Back in 2013 Wally’s Marketplace, located in Imperial Beach, carried outdated and expired food on their shelves. Two years later, the nearby Save-A-Lot—run by the same owner—sold a customer 90 pounds of spoiled chicken, sparking angry protests outside the store.
The incidents confirmed in the minds of residents that Imperial Beach was a food desert. The USDA defines the term as having at least 500 people or 33 percent of a city’s population reside more than one mile from a large grocery store. In an interview, board president Kim Frink and board vice-president Shannon Ratliff of SunCoast Market Co-op explained that even when a grocery store exists in an underserved neighborhood, it often provides poor quality food.
Frink said that Wally’s Marketplace went out of business, “but of course a full-service or natural foods grocery store didn’t come into their space. We’re getting a Dollar Tree.”
Imperial Beach covers 4.4 square miles and has a population of about 27,000. According to data from 2010, about 49 percent identify as Hispanic and the median household income is $52,000.
Ratliff noted that the city has three 7-Elevens, but only two grocery stores: La Posta and Grocery Outlet Bargain Market. Ratliff said, “It’s a money problem… Communities that are primarily people of color and lower income do not have access to full-service grocery stores. In a lot of ways, they’re considered undesirable from a financial perspective.”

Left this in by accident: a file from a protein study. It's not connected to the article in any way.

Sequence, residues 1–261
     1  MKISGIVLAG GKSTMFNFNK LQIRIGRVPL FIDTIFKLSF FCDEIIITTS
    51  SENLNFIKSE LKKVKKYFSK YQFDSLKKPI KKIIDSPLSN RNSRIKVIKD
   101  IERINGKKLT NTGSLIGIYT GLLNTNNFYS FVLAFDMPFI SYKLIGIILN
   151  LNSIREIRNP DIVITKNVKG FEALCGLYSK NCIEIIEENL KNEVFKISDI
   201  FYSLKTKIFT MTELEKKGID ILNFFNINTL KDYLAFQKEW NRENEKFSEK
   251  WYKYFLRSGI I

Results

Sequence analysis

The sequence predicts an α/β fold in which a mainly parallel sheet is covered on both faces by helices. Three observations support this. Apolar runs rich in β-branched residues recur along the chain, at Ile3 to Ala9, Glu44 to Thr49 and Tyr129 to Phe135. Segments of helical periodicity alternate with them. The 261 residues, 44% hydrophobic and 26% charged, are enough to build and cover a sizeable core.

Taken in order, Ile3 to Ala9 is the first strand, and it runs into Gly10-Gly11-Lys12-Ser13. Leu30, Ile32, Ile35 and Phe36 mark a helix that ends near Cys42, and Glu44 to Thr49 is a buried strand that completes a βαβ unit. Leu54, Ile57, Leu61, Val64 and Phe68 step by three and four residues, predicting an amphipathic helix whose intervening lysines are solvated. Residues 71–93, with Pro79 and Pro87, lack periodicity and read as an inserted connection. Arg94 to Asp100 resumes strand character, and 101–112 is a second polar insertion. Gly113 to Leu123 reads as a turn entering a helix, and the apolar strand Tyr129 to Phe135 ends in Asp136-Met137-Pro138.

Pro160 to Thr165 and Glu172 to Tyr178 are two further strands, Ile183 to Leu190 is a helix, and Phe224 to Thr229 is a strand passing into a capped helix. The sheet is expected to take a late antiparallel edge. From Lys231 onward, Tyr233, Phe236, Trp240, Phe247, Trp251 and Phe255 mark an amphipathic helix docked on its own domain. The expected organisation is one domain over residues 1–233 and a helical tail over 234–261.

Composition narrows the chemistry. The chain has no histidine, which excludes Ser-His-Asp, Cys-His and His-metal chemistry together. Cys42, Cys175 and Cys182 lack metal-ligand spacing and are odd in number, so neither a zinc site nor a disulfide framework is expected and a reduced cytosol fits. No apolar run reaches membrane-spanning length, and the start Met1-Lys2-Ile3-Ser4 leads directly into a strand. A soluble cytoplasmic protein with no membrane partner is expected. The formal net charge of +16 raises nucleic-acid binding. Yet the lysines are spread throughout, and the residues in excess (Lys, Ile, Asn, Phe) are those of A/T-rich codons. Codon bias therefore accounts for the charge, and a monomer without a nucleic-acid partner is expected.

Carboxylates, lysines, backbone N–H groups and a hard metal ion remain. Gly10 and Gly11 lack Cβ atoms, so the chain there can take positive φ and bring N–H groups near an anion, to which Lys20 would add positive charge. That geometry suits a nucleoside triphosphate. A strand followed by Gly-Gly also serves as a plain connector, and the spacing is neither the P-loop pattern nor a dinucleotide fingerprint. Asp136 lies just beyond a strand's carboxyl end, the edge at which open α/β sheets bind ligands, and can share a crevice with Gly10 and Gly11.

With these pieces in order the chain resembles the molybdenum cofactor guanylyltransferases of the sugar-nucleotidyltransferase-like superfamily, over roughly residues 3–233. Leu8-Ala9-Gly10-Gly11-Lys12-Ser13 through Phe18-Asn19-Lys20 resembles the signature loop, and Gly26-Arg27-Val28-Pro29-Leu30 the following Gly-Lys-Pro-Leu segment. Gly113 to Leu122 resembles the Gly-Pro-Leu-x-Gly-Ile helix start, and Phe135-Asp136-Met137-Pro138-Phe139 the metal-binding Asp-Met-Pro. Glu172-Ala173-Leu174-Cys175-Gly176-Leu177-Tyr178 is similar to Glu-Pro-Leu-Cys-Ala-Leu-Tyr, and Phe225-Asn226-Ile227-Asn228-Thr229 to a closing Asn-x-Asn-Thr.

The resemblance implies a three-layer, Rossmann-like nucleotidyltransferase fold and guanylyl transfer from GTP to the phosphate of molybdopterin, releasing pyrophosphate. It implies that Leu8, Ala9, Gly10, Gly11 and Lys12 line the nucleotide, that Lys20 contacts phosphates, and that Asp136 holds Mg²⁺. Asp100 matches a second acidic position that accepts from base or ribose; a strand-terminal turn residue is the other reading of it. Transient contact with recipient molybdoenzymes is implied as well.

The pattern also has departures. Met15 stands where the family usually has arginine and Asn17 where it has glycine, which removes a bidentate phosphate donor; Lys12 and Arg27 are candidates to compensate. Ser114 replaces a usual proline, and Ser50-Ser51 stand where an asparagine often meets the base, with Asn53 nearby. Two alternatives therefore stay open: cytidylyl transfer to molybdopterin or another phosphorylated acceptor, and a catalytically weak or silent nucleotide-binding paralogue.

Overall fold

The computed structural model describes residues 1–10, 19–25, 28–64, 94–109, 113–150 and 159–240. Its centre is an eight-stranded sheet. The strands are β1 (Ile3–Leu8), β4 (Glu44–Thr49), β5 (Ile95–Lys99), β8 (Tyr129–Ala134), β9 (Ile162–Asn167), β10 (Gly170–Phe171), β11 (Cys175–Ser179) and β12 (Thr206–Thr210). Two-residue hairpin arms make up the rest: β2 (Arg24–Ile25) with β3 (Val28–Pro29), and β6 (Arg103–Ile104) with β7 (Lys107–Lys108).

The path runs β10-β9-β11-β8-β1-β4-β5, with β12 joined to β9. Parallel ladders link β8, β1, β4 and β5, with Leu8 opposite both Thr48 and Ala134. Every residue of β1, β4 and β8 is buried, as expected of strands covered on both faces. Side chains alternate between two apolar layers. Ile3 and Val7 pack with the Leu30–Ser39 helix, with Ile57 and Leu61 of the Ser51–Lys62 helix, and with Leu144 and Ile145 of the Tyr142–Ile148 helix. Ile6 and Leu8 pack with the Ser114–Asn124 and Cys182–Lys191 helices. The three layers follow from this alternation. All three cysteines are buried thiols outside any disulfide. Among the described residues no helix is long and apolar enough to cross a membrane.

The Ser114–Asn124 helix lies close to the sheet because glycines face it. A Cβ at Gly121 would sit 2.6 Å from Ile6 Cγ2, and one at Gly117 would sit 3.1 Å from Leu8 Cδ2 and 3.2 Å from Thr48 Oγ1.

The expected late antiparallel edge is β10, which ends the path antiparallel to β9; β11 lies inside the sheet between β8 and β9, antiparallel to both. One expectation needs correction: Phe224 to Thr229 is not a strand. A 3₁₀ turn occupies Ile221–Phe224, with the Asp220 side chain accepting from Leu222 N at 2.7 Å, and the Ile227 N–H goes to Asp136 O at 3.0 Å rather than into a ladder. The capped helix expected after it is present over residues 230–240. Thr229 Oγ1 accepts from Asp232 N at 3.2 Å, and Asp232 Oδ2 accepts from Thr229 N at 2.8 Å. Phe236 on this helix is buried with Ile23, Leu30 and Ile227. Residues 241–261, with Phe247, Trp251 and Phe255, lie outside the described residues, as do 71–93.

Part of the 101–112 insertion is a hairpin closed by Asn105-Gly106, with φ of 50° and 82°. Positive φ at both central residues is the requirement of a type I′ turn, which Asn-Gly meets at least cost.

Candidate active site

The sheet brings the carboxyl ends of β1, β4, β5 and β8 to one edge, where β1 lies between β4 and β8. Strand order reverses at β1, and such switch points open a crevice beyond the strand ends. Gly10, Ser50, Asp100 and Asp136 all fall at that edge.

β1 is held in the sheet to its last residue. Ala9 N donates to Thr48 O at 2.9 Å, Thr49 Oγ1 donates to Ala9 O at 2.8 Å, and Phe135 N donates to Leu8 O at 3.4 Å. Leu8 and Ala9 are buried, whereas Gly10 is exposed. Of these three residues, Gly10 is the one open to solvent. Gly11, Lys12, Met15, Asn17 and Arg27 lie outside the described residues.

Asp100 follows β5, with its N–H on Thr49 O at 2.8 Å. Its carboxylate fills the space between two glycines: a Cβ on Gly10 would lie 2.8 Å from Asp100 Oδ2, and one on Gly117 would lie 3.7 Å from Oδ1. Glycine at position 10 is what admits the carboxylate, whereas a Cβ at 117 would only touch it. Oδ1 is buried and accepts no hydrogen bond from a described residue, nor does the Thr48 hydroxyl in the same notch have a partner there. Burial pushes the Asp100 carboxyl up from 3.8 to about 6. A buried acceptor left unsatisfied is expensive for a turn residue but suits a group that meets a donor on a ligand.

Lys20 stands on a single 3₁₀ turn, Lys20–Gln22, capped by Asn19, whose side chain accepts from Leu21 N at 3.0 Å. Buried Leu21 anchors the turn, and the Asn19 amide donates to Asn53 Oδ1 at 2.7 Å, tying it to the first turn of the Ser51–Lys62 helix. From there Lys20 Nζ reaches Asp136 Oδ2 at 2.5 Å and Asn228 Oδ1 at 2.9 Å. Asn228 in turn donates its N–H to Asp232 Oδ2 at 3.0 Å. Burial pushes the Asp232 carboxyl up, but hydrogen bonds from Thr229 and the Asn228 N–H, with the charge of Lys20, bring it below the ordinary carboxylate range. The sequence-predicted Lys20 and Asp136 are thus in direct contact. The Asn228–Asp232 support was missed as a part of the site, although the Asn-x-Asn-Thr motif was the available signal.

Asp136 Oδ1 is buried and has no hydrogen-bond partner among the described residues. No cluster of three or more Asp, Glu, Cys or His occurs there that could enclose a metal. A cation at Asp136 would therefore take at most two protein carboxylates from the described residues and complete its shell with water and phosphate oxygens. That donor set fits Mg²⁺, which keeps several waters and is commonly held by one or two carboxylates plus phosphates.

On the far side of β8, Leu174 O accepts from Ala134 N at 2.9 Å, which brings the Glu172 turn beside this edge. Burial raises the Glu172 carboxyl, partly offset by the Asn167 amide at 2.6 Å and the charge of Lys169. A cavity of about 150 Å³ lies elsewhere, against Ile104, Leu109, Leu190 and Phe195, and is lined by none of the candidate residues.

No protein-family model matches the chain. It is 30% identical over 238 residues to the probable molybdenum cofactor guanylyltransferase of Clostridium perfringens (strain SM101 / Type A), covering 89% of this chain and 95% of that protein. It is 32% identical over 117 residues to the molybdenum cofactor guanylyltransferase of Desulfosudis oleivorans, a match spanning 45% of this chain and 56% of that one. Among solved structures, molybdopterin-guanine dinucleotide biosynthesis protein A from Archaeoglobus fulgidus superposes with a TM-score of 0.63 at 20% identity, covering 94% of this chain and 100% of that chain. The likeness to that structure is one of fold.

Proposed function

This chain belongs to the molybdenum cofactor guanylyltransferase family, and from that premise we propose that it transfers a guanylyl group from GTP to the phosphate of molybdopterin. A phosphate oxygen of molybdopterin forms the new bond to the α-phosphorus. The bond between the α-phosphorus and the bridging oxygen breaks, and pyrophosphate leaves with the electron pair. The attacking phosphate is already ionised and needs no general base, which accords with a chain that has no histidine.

Unsatisfied, some residents started a movement called “Bring Trader Joe’s to IB” in 2015 hoping the store would open inside a new retail development at 9th and Palm Avenue. The mayor and city manager got involved, trying to entice the grocery store to the city. Those plans fizzled. In a phone interview, city manager Andy Hall explained that IB didn’t meet Trader Joe’s formula, which includes certain demographic and density requirements.
Ratliff said that’s when her group realized “If we want something, we need to do it ourselves.”
They reached out to Ocean Beach People’s Organic Food Market, asking for help on how Imperial Beach could erect a similar food co-op. The OB market, which has been in existence for over 45 years and has been profitable, is the only food co-op in San Diego County.
With their advice, from 2015 to 2017 volunteers from the IB, including Frink and Ratliff, set up their own corporation, established a nine-member board and created their name. They conducted a feasibility study, surveying 430 people. They found that 73 percent did most of their grocery shopping outside their neighborhood.
“That’s a lot of time and money people are spending to drive to other places like Sprouts, which is seven miles away,” Frink said.
SunCoast’s biggest hurdle is finding owner members. Frink says their food co-op needs about half the money coming from the community, so in order to open a grocery market SunCoast must find enough owner members to pay the $200 buy-in fee. Members then own shares of the co-op and can vote on decisions. Frink explains, “We’ll need about 500 owners before we start looking for a location… We’ll need about 1,000 owners before we open.”
So far, SunCoast only has about 220 owner members.
Both Frink and Ratliff hope the space will be about 4,000 square feet. Although the location is still unknown, they note that Imperial Beach is cleaning up its worn buildings and empty lots.